This post should not be construed as legal advice
In the coming months, many of you will have important decisions to make regarding the new Farm Service Agency (FSA) programs. Will you select the new Price Loss Coverage (PLC) option, Agricultural Risk Coverage – County Level (ARC-CO), or Agricultural Risk Coverage – Individual Option (ARC-IC)? This decision will not be easy one. Once FSA issues the details, I will put out information on how to use decision making tools under development. Today, I want to cover an issue that landlord and tenants will need to consider, especially those with crop-share leases. Many of those leasing land may need to update FSA’s Power of Attorney form (FSA-211) in order to make these decisions for the landlord.
The current regulations allow for the landowner to make decisions related to payment yield and base acre reallocation. This means landlords (as the landowner) will have the ability to decide on how to reallocate base acres and updating payment yields. The decision of which program to elect to participate in for the life of the farm bill will be with the producer on the farmer (either landowner or tenant depending on the situation). As we will discuss, having an updated power of attorney will work to limit educating landowners and allow the tenant the ability to make these decisions.
A power of attorney (POA) is a legal document allowing one party, or grantor, to grant the authority to act as the grantor’s agent/attorney-in-fact to a third party. For example, your estate plan (you have an estate plan, right?) typically includes a Durable Power of Attorney which allows your spouse, a child(ren), or another person to make decisions for you and continue to pay bills for you if you become incapacitated in some way. The power of attorney you grant can be broad as you want or as narrow as you need it to be, it just depends on your situation.
For those that have never completed a form FSA-211, why do you need to consider completing one? Completing the POA and having it approved by FSA allows a tenant to make the decisions on which farm programs (PLC, ARC-CO, or ARC-IC) the leased farmland will be enrolled in for the life of the 2014 Farm Bill. The lease does not have to run the life of the farm bill but future tenants will be stuck with the program decision made by the original tenant. Allowing the current tenant to make these decisions is potentially helpful to those landowners who are far removed from agriculture and may not understand exactly how these programs will operate or impact the tenant’s current operation.
One important detail to remember is landowners will have to make the ARC-CO or PLC decision or the whole farm into ARC-IC for each covered commodity with base acres on the farm. This decision is going will require landowners to consider how each program works, what is currently being produced on the farm, and thoughts on future prices and yields for those crops. This will not be an easy decision and will require some work on the part of the decision maker.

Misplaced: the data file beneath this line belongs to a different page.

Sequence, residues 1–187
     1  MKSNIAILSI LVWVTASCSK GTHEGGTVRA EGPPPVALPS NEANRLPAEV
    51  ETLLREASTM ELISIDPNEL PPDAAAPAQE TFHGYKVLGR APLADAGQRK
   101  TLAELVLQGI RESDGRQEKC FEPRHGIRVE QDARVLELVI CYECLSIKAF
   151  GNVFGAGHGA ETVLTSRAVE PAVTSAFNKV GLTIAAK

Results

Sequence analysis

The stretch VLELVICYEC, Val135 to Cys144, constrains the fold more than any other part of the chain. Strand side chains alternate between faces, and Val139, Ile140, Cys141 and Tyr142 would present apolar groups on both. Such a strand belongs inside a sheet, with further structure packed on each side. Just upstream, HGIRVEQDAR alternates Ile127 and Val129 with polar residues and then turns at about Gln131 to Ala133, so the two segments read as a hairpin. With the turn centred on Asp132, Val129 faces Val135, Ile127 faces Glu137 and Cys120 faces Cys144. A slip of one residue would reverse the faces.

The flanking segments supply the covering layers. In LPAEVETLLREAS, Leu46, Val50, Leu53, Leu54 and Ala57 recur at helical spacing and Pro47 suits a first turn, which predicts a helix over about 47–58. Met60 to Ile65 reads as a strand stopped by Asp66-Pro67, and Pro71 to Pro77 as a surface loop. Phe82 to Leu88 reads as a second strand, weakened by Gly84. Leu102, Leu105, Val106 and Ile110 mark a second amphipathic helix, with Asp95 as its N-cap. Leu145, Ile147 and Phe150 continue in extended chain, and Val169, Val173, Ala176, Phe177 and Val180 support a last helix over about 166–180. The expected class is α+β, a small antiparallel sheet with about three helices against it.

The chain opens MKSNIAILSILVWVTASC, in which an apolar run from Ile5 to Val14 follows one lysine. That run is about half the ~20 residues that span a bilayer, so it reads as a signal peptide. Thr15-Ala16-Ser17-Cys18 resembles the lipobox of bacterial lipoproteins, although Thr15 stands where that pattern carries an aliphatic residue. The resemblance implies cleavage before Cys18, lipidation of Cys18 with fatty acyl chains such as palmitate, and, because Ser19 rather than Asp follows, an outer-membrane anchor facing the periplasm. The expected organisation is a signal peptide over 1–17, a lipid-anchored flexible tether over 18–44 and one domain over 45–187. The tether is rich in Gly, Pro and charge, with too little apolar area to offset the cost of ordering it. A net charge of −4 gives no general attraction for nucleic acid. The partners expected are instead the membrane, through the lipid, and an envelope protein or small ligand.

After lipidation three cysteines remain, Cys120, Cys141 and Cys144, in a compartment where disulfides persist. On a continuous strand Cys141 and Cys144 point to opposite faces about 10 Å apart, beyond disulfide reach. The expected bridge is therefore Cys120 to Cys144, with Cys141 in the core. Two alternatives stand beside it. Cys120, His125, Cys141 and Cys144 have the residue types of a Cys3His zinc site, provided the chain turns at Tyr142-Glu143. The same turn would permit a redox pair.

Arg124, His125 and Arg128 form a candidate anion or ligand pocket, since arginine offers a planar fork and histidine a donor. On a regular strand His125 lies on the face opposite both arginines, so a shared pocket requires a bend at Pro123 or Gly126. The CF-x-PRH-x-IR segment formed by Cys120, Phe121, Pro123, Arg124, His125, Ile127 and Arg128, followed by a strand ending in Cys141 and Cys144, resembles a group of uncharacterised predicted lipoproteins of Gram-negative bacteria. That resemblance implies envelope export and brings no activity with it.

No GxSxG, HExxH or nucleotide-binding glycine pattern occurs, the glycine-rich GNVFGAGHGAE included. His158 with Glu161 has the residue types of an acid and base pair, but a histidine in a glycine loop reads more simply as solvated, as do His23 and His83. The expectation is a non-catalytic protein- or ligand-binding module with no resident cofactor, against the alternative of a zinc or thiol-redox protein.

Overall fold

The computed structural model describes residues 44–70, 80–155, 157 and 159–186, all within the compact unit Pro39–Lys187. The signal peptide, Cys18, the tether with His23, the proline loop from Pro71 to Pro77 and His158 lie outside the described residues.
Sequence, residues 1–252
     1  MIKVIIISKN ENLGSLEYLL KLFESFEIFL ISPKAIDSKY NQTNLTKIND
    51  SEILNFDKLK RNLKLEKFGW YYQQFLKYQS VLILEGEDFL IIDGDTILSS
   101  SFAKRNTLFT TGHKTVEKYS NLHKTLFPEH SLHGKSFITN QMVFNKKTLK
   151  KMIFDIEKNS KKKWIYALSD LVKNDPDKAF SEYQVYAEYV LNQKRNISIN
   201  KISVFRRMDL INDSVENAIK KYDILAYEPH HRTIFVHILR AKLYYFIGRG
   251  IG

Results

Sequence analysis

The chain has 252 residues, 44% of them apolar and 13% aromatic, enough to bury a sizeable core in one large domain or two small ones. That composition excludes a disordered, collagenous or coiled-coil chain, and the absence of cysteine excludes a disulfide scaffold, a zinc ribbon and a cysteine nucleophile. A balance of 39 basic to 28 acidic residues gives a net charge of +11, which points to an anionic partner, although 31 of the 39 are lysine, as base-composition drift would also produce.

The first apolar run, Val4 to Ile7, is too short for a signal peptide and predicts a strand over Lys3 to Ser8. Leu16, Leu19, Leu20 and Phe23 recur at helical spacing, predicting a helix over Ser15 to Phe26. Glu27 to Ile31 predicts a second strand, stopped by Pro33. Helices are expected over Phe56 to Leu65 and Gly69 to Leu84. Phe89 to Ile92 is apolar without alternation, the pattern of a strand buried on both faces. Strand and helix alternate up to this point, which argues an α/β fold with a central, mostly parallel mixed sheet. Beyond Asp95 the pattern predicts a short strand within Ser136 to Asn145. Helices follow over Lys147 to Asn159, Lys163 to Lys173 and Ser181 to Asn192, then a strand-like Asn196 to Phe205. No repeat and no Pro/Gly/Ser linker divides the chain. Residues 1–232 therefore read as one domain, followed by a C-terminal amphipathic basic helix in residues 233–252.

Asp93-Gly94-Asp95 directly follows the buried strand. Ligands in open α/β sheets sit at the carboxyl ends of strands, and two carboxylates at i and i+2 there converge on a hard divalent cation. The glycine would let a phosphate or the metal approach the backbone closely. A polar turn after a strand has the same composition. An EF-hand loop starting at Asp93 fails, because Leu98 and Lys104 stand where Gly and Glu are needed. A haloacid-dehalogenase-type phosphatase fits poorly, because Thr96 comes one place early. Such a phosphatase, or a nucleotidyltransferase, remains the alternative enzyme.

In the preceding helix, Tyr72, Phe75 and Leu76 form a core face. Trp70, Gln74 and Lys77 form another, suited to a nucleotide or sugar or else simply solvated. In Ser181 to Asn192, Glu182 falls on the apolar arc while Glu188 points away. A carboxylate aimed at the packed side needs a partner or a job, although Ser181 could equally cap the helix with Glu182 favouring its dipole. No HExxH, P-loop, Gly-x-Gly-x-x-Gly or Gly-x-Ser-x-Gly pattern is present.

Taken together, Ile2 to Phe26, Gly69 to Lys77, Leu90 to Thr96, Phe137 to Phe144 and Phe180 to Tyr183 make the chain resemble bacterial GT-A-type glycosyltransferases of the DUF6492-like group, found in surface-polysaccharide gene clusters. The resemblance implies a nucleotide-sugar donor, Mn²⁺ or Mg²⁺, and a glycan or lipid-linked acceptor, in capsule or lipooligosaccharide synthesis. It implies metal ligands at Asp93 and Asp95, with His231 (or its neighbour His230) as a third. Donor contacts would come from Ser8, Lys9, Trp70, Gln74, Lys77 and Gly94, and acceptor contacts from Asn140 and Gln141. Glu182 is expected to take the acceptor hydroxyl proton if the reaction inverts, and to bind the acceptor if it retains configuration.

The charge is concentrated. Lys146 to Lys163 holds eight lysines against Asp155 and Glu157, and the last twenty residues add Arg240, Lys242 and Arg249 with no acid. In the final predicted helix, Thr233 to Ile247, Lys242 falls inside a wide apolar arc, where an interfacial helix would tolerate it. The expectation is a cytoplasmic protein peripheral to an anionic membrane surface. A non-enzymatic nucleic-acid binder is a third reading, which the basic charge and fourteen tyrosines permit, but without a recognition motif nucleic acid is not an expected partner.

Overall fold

This also means landlords who have very little connection with the farmland (such as those who inherited from an older generation or bought it as an investment) will need to be educated on the new programs and how each one potentially impacts different crops depending on different yield conditions and commodity prices. This education will be important for those crop-share rent landlords who may potentially be able to participate in payouts by the three new programs. Updating the FS-211 would allow the tenant with a better grasp on these issues to make these decisions for the landlord.
Farmland owned by multiple landlords may also benefit from a signed FS-211. This will put the decision in the hands of either one of the landlords or in the hands of the tenant, reducing the need to educate multiple landlords who may have little at stake to make the best decision for the tenant.
Tenants who get signed POAs will still want to communicate why a decision was made in the end. Prior to signup, show your landlord printouts from the decision tools that show why you choose one program over the other for each covered commodity for PLC and ARC-CO or why you elected to put the entire farm in ARC-IC. This will help the landlord better understand the decision and help explain that decision to a possible future tenant.
For more information on the 2014 Farm Bill, see AREC's Farm Bill page. This page will be updated with timely information as it becomes available.
This post is brought to you as a partnership by: